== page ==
|Número de publicación||US7625628 B2|
|Tipo de publicación||Concesión|
|Número de solicitud||US 10/510,550|
|Número de PCT||PCT/US2003/010314|
|Fecha de publicación||1 Dic 2009|
|Fecha de presentación||4 Abr 2003|
|Fecha de prioridad||9 Abr 2002|
|También publicado como||EP1501885A1, EP1501885B1, EP2275474A1, US20050238897, WO2003087200A1|
|Número de publicación||10510550, 510550, PCT/2003/10314, PCT/US/2003/010314, PCT/US/2003/10314, PCT/US/3/010314, PCT/US/3/10314, PCT/US2003/010314, PCT/US2003/10314, PCT/US2003010314, PCT/US200310314, PCT/US3/010314, PCT/US3/10314, PCT/US3010314, PCT/US310314, US 7625628 B2, US 7625628B2, US-B2-7625628, US7625628 B2, US7625628B2|
|Inventores||Patrick T. Rigney, Bobby L. Goin, Jesse G. McLawhorn, Gary L. Vadnais|
|Cesionario original||Illinois Tool Works Inc.|
|Exportar cita||BiBTeX, EndNote, RefMan|
|Citas de patentes (30), Otras citas (32), Citada por (2), Clasificaciones (26), Eventos legales (7)|
|Enlaces externos: USPTO, Cesión de USPTO, Espacenet|
This invention relates to improved polyester strapping useful for binding pallets, bales, large boxes and the like. In particular, the invention relates to polyester strapping having improved resistance to splitting in the longitudinal direction, while under tension, and improved weldability.
Strapping made of metal or high strength plastic has long been used to secure the packaging of heavy boxes, pallets loaded with bricks and other heavy objects, large textile bales, and other packaging applications which require high strength reinforcement. Common materials used for the strapping include metal, polyester and polypropylene. Metal strapping is quite strong, but is also relatively expensive. Polypropylene strapping is less expensive, but may stretch longitudinally and loosen when under high tension. Polyester strapping is less expensive than metal strapping, is very strong, and is not easily stretched. For this reason, polyester strapping is useful in a wide variety of reinforcing applications.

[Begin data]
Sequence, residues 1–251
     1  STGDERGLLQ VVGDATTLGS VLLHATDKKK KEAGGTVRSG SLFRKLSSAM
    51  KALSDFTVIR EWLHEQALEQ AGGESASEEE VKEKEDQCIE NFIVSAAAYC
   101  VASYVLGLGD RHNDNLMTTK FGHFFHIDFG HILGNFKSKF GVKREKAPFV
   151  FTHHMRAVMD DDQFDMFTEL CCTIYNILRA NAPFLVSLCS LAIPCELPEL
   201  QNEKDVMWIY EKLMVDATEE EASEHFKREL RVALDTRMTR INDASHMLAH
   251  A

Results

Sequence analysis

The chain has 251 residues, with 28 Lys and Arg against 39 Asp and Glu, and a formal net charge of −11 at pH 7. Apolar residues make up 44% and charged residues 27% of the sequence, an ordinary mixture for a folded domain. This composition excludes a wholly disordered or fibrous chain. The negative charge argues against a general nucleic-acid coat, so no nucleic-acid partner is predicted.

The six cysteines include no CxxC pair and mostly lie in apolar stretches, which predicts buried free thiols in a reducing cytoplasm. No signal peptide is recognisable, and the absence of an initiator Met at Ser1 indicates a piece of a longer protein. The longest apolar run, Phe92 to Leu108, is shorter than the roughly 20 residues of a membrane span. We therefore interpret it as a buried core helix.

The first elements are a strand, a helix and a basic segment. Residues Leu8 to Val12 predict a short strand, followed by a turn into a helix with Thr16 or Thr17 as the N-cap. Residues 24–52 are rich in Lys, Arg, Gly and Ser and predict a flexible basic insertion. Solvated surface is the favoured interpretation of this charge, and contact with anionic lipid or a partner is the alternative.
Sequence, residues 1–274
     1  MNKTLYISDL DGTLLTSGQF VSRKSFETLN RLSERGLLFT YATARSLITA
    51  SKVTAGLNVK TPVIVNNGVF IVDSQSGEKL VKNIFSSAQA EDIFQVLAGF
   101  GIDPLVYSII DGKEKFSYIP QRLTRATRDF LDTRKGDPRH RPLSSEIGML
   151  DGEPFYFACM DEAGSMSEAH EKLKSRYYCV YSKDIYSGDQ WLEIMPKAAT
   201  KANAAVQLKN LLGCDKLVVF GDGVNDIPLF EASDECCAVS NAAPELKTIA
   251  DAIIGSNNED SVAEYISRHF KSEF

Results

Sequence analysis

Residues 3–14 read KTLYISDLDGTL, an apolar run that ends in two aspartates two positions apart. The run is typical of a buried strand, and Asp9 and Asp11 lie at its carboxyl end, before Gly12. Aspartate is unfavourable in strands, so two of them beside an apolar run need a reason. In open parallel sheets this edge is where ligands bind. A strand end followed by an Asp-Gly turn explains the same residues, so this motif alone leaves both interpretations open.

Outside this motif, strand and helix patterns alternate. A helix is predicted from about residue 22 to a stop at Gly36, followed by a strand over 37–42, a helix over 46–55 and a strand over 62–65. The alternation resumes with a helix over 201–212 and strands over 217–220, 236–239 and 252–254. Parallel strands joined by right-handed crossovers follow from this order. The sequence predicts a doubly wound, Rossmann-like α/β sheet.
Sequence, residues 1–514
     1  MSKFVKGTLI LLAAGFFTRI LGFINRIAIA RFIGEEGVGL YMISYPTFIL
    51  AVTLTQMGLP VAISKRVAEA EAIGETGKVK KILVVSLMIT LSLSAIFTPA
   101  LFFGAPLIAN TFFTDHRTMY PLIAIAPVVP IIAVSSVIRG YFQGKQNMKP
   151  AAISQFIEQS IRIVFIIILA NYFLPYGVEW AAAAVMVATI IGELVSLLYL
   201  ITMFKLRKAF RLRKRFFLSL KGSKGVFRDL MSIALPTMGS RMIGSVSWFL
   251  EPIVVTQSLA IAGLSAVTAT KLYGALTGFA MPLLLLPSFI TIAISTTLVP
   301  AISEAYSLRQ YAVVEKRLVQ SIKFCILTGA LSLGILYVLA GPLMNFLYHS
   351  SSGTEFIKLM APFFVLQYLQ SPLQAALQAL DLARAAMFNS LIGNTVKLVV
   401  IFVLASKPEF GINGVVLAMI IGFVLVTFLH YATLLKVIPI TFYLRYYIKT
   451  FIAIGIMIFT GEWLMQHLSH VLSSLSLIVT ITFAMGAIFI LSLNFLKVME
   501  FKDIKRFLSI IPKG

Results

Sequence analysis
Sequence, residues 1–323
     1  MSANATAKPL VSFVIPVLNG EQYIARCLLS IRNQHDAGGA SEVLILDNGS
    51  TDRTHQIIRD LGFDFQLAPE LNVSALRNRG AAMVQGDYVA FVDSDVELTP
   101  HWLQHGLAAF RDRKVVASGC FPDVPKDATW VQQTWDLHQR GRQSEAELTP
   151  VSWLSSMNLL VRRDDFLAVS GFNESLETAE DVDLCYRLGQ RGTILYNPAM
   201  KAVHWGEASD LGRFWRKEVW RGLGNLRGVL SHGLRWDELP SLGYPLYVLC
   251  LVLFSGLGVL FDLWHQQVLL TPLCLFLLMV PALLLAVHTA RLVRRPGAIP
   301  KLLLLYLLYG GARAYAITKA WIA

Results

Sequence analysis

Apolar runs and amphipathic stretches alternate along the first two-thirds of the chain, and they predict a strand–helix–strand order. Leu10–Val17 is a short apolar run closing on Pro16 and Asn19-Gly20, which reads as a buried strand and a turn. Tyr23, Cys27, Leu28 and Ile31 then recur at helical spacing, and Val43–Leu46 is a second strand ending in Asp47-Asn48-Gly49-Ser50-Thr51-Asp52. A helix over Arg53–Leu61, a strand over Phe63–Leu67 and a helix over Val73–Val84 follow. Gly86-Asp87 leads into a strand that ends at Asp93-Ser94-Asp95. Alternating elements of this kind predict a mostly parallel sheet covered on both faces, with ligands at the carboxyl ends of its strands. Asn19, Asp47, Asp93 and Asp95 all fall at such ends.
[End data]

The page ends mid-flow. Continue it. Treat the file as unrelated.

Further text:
Polyester strapping is commonly produced by forming continuous strips of polyester using a spinneret or other extrusion die, and molecularly orienting the strips in the longitudinal direction under conditions of heat and tension. The molecular orientation increases the strength of the strapping in the longitudinal direction. However, as the polyester molecules become more aligned in the longitudinal (machine) direction, they become less entangled in the lateral (transverse) direction. As a result, the increased strength of the strapping in the longitudinal direction resulting from the orientation, comes at the expense of reduced strength in the lateral direction. When the polyester strapping is pulled tight in the longitudinal direction during use, the resulting necking and bending stresses in the lateral direction may render the polyester strapping more susceptible to split in the longitudinal direction along a substantial length, ranging from a few centimeters to one meter or more.
Various attempts have been made to reduce the longitudinal splitting of polyester strapping by adding elastomeric ingredients or subjecting the strap to specialized processing, for instance, as described in U.S. Pat. No. 6,210,769. To date, these attempts have not resulted in a practical, cost effective technology to reduce split.
The present invention is directed to polyester strapping which contains polyester and less than 3% by weight of a polyolefin additive selected from reactive or non-reactive linear low density polyethylene, branched low density polyethylene, high density polyethylene, polypropylene and combinations of the materials. The polyolefin can be used alone or in combination with other (e.g., conventional) additives, provided that the total additive concentration is less than 8% by weight, and the amount of polyester is more than 92% by weight of the polyester strapping. Some of the other suitable additives are listed below.
The polyester strapping of the invention has been shown to exhibit increased resistance to longitudinal splitting. Because the polyolefin additive is used in amounts of less than 3% by weight, it does not significantly affect the high strength and low stretchability of the polyester strapping in the longitudinal direction.
The present invention is also directed to a process for making polyester strapping according to the composition of the invention.